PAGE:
Shelley climbing minaret in the mosque - narrow and windy stairs
Climbing the tall minaret tower of Koski Mehmed Pasha Mosque ©Lifejourney4two

Old Bazar Kujundziluk

Between the mosque and the Mostar Old Bridge, local artisans, shops and cafes line the cobbled, narrow lanes.

This is the Old Bazar Kujundziluk, where you’ll find traditional copper workers tapping away at their intricate designs, local handmade jewellery, rugs, traditional Turkish smoking pipes, scarves, porcelain pots, and many other trinkets and souvenirs.

Stari Most — Mostar’s Old Bridge

One of the most iconic images that you will often see representing Mostar, is the view of its old bridge, Stari Most. The bridge was originally built over the Neretva River in the 15th century when the town developed in Ottoman times.

However, during the Bosnian War, much of the Old Town and the bridge were destroyed.

Old Town Mostar and the Stari Most Bridge ©Lifejourney4two

As an example of a multi-cultural urban settlement, the bridge and many parts of the old town were rebuilt by a committee established by UNESCO. Now on the World Heritage List, the bridge and old town are;

…a symbol of reconciliation, international co-operation and of the coexistence of diverse cultural, ethnic and religious communities.


A regular spectacle that occurs on the bridge, is young men standing on the edge of the bridge’s railings looking like they are about to jump.

They collect money from onlookers and when they believe they have amassed enough, they jump into the river below.

Be mindful that their charade can go on for hours, with several false starts and teasing of eager tourists at the ready with their cameras.

Stari Most — and you can just make out a crowd on the bridge watching and waiting for a local to jump ©Lifejourney4two

Mostar’s Crooked Bridge (Kriva ćuprija)

This cute little bridge was built as a smaller trial version of the Stari Most. It too, however, has been rebuilt due to both structural damages in the war and then being washed away in floods.

Locals told us that local cafes play music here at night, so it might be a nice place to hang out if you are in Mostar for the evening.

Crooked Bridge in Mostar Old Town ©Lifejourney4two

Mostar Sniper Tower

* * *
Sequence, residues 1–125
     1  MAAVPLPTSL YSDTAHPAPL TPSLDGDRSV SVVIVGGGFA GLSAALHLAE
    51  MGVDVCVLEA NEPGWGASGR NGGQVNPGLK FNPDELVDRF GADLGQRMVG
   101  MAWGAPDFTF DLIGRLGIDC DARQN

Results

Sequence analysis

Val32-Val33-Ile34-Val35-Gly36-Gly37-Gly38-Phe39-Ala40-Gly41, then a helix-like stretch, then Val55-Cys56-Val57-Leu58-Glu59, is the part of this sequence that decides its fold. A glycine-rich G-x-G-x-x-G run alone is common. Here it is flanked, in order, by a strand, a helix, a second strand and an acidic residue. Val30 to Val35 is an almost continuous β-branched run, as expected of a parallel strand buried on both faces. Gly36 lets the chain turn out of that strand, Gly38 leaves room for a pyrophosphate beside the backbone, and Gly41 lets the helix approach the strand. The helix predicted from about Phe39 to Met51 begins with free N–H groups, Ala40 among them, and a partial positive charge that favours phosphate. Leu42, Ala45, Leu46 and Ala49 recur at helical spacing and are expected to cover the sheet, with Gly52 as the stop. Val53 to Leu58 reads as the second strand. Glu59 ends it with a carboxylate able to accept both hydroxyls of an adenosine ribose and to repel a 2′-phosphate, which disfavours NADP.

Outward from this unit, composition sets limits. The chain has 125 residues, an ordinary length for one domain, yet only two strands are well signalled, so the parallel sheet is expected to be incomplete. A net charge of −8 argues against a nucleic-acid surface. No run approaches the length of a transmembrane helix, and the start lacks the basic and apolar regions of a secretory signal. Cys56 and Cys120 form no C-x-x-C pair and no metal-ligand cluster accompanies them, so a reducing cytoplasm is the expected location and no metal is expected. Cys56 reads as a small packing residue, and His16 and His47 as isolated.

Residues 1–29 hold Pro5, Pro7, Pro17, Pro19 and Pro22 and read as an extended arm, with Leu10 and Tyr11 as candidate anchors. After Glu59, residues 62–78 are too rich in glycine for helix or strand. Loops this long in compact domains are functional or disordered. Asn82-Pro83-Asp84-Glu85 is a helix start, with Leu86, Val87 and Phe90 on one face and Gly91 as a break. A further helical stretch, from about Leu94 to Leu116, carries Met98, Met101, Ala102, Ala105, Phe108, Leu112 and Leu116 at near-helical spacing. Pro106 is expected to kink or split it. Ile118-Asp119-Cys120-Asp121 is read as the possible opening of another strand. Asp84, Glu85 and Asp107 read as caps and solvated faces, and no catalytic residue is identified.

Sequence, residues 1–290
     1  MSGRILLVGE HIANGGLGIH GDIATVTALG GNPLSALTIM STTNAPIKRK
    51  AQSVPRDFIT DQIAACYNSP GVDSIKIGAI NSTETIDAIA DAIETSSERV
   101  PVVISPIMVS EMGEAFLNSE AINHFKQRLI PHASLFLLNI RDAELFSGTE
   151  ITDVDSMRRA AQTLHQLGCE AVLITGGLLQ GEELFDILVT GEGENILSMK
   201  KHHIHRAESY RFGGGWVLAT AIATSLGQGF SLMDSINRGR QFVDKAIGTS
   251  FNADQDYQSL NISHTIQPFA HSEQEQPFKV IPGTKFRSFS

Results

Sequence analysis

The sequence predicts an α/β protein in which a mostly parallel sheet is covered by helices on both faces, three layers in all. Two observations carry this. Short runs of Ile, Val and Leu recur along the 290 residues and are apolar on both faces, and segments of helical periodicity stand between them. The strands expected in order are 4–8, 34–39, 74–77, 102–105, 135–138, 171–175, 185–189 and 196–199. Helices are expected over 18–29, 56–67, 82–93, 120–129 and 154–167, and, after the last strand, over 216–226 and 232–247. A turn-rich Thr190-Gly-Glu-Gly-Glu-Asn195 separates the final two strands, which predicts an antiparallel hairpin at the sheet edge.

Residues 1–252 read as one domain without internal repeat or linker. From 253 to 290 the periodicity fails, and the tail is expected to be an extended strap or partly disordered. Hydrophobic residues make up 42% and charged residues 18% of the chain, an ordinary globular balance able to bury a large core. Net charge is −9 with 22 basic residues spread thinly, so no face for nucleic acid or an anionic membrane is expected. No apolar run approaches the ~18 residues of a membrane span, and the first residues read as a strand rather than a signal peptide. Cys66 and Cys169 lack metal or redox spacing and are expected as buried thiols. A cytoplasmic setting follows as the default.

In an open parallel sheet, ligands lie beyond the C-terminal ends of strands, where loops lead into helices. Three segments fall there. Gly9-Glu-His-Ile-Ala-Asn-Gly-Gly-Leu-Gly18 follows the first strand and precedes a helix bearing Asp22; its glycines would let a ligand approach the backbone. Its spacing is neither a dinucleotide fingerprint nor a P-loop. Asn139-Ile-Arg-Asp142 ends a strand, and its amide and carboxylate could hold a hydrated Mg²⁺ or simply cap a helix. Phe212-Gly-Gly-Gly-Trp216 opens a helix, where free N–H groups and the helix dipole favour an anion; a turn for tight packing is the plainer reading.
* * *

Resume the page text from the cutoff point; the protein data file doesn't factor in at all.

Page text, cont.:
The Mostar Sniper Tower was once a bank, but in the Bosnian War, because of its high vantage point was used as a sniper tower.

It now stands derelict as a painful reminder of the conflict. In fact, as you wander around Mostar, and elsewhere in Bosnia, you’ll find many bullet-ridden and derelict buildings. Although boarded up, graffiti artists now use the tower as a canvas to express their creativity.

Mostar sniper tower in the background with street art on the side of a derelict buiding
Mostar Sniper Tower in the background – view from Španjolski trg (Spanish Square) ©Lifejourney4two
Wall of derelict house full of bullet holes and pock marks from mortar bombs
A derelict, bullet-ridden building near Spanish Square ©Lifejourney4two

5. Blagaj Tekke

Not far from Mostar, is the gorgeous River Buna, its source being an underground cave spring in Blagaj. Situated right at the entrance to the cave at the bottom of a steep cliff face is the ancient Dervish Monastery, the Blagaj Tekke.

To visit inside, you do need to take your shoes off and coverup, but it’s an interesting building to explore, covered with carpets and cushions. It’s cool, calm and peaceful inside and its setting is spectacular.

Constructed in the early 1500s, the Blagaj Tekke was for those of the Dervish faith — a branch of Islam, that took a vow of poverty and rejected material possessions. They were well-known for performing whirling dances as part of their worship, with white costumes that fanned out as the Dervish spun themselves around.

There are a few cafes nearby for refreshments and to soak up the calming atmosphere.

Blagaj Monastery beside the Buna Spring
Blagaj Monastery and the Buna River spring

6. Kravica Waterfall

About 30 minutes from Mostar, this pretty waterfall is worth a stop on your Bosnia road trip, especially if you get there early before the crowds. Its appearance is a little like Krka Waterfall in Croatia and you are also allowed to swim here.

The Kravica Falls are 25 metres high and the arc-shaped cascades flow amongst luscious greenery.

an arc of waterfalls
©Canva Arial photo of Kravica waterfalls

After road-tripping through Bosnia, we headed off to road trip Serbia, However, the Croatia border is only a short distance from Kravica Falls, so it would be easy to continue your road trip through Croatia. From here you could easily head north to Split or south to Dubrovnik.

Campervanning and Motorhoming in Bosnia